Musa al-Mubarraqa

Musa ibn Muhammad al-Mubarraqa was the son of ninth Twelver Shia Imam Muhammad al-Jawad and the younger brother of tenth Imam Ali al-Hadi.[1] He is known to be the ancestor of those Sayyids who use the title of his grandfather and eighth Imam Ali al-Ridha as their surnames. Most Rizvi, Ridawi and Razavi Sayyids are from the descendants of Musa al-Mubarraqa.[2] Most of them were found in Sabzevar, Iran earlier before their migration to Indian subcontinent. There are still few villages and towns in India who trace their lineage to Musa al-Mubarraqa through his son Shahzada Ahmad bin Musa, few prominent towns in India with majority population of Rizvi Sayyids is in Zaidpur district Barabanki, Machli Gaon district Faizabad formerly, Karari, Wasa Dargah and Hallaur in state of Uttar Pradesh, India. Musa al-Mubarraqa was one of the pious and gentle of personalities of his time.

Musa al-Mubarraqa
Musa ibn Muhammad (موسى ابن محمد الجواد)
Born214 A.H.
Died296 A.H.
Resting placeQom
Known forAncestor of Rizvi Sayyids
Parent(s)Muhammad al-Jawad (Father)
RelativesAli al-Hadi (Brother)

Musa al-Mubarraqa's short genealogy connecting him to Prophet Mohammad is mentioned below:

Musa al-Mubarraqa son of Muhammad al-Jawad[1] son of Ali al-Ridha[3] son of Musa al-Kadhim[4] son of Ja'far al-Sadiq[4] son of Muhammad al-Baqir[5] son of Ali Zayn al-Abidin[5] son of Husayn[6] son of Ali ibn Abi Talib[7] and Fatimah[7] the beloved daughter of Islamic Prophet Muhammad.[8]

Birth and early lifeEdit

Musa al-Mubarraqa was born in Medina on the 10th of Rajab 217 Hijri the same day when his father Imam Muhammad al-Jawad was born, he was 3 years younger to his brother Imam Ali al-Hadi.[1] This was the joy of Imam Muhammad al-Jawad was expanded as on this very day he was blessed with a son by God. He named him as Musa ibn Muhammad who was later conferred with the title of Mubarraqa which means (covered with veil). Musa al-Mubarraqa was known for his beauty and Handsome personality and hence he never left home without a veil.[1]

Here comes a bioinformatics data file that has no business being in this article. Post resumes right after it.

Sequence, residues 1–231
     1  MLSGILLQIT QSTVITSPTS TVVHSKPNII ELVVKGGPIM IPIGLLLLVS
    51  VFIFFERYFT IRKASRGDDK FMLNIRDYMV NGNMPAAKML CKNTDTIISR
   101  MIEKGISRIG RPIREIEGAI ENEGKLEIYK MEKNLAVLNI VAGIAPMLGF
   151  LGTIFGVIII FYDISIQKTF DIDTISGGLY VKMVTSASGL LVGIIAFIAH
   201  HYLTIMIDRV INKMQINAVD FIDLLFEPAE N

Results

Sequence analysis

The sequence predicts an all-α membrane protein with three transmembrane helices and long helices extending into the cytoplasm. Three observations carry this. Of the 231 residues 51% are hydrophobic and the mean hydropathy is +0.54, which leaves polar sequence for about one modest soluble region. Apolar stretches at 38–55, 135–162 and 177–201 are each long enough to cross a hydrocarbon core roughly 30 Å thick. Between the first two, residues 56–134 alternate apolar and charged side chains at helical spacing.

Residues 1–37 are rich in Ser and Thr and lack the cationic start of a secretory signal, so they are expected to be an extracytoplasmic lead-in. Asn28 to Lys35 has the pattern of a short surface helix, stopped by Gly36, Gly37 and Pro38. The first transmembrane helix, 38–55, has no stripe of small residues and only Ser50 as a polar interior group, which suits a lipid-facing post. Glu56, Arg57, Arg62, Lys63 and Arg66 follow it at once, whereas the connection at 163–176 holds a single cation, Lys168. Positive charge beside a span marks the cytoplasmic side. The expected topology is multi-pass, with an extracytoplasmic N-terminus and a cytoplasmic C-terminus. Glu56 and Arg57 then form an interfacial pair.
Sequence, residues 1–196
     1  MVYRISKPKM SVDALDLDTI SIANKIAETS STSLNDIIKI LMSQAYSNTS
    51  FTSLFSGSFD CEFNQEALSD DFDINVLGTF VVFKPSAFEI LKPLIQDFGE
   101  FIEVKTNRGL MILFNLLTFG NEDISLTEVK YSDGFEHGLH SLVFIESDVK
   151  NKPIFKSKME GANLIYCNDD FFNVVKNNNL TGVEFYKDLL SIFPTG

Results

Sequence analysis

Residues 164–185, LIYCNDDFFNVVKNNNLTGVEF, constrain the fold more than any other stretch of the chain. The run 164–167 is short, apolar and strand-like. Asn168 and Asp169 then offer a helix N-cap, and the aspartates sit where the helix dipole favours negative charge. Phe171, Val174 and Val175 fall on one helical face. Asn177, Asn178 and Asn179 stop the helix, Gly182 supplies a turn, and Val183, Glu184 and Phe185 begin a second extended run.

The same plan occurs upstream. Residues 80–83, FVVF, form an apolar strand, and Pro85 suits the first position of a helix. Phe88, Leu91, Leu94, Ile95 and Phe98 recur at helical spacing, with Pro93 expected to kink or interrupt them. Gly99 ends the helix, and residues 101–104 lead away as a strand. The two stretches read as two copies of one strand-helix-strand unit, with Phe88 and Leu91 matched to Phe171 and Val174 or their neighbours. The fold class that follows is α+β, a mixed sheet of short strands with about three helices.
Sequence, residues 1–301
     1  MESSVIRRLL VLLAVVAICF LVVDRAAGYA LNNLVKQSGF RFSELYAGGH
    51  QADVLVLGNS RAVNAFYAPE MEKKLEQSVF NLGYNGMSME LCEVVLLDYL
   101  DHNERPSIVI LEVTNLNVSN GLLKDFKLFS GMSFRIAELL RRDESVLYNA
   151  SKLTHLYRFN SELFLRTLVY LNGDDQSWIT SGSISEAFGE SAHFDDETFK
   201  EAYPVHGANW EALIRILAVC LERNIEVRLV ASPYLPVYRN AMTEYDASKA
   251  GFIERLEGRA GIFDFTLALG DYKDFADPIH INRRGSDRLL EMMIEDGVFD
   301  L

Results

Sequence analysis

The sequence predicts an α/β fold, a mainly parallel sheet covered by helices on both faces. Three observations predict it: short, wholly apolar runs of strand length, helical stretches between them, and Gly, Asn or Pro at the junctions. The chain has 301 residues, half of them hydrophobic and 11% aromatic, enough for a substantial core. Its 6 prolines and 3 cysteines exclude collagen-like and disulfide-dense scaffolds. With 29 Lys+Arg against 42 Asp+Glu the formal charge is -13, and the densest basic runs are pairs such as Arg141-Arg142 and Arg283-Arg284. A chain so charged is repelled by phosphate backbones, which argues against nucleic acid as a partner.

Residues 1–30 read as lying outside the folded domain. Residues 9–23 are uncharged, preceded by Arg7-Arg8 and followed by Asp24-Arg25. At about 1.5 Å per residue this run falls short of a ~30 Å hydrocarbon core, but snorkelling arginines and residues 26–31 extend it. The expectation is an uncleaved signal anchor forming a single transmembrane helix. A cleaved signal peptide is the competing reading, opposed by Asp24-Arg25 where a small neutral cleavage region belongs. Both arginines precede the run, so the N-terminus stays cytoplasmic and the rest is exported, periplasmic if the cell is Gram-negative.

He loved his brother Imam Ali al-Hadi very much and used to take counsel with Him about the issues of jurisprudence. In 255 Hijri at the age of 38 he left the city of Medina headed for Kufa in Iraq. In 256 Hijri he continued his journey from Kufa to Persian city of Qom. Most of the prominent scholars have confirmed that Musa al-Mubarraqa was the first one of the Rizvi Sayyids who set his foot in Qom for a permanent stay. But when he entered this city the Arabs of Qom didn't approve his arrival and began to harass him. Forced by the circumstances Musa al-Mubarraqa had to leave the city of Qom and arrived in the city of Kashan. In Kashan he was respected and warmly welcomed by all residents.

The ruler of the city of Kashan, Ahmed bin-Abdul-Aziz-bin-Dalaf-Ajli was extremely honored by the arrival of Musa al-Mubarraqa and offered him remarkable gifts every year. Later when some lovers of Imam Muhammad al-Jawad came back to Qom and was informed about the whole incident which occurred at the arrival of Imam's son, made them feel very ashamed and sad. The prominent ones gathered the citizens of Qom and sent a group to Kashan to apologize for their act and also not only to ask for forgiveness but to insist in bringing him back to Qom permanently. The residents of Qom were forgiven and Musa al-Mubarraqa accepted their invitation. In recompense, a beautiful well-made house was arranged and 20.000 Dirhams were offered to the respected son of the Imam Muhammad al-Jawad. Musa al-Mubarraqa lived in Qom for the rest of his life and also invited his sisters to join him there.

Death and BurialEdit

Musa al-Mubarraqa bid adieu this world on the 22nd of Rabī` al-Ākhir in 296 Hijri. He was 79 years old and was buried at the Cemetery of Chihil Akhtaran in the Iranian city of Qom. The funeral prayer was conducted by Ameer-e-Qom, Abbas-bin-Umar-o-Ghanavi. The sisters of Musa al-Mubarraqa are buried near the grave of their aunt Fatimah bint Musa also referred as Masumah al-Qom. Fatimah bint Musa or Masumah al-Qom was the sister of eighth Imam Ali al-Ridha and daughter of seventh Imam Musa al-Kadhim.[1]


  1. ^ a b c d e "Musa al Mubarraqa". Archived from the original on 2005-01-17. Retrieved 2010-06-28.
  2. ^ "Razavi Sayyids". Retrieved 2010-06-28.
  3. ^ "Imam al Jawwad". Retrieved 2010-06-28.
  4. ^ a b "Imam Ali ibn Musa". Archived from the original on 2009-12-06. Retrieved 2010-06-28.
  5. ^ a b "Imam Al Sadiq". Archived from the original on 2013-05-11. Retrieved 2010-06-28.
  6. ^ "Imam Ali ibn el Husain". Archived from the original on 2006-09-25. Retrieved 2010-06-28.
  7. ^ a b "Imam Al Husain ibn Ali". Archived from the original on 2012-12-27. Retrieved 2010-06-28.
  8. ^ "Imam Al Husain ibn Ali". Archived from the original on 2013-09-25. Retrieved 2010-06-28.

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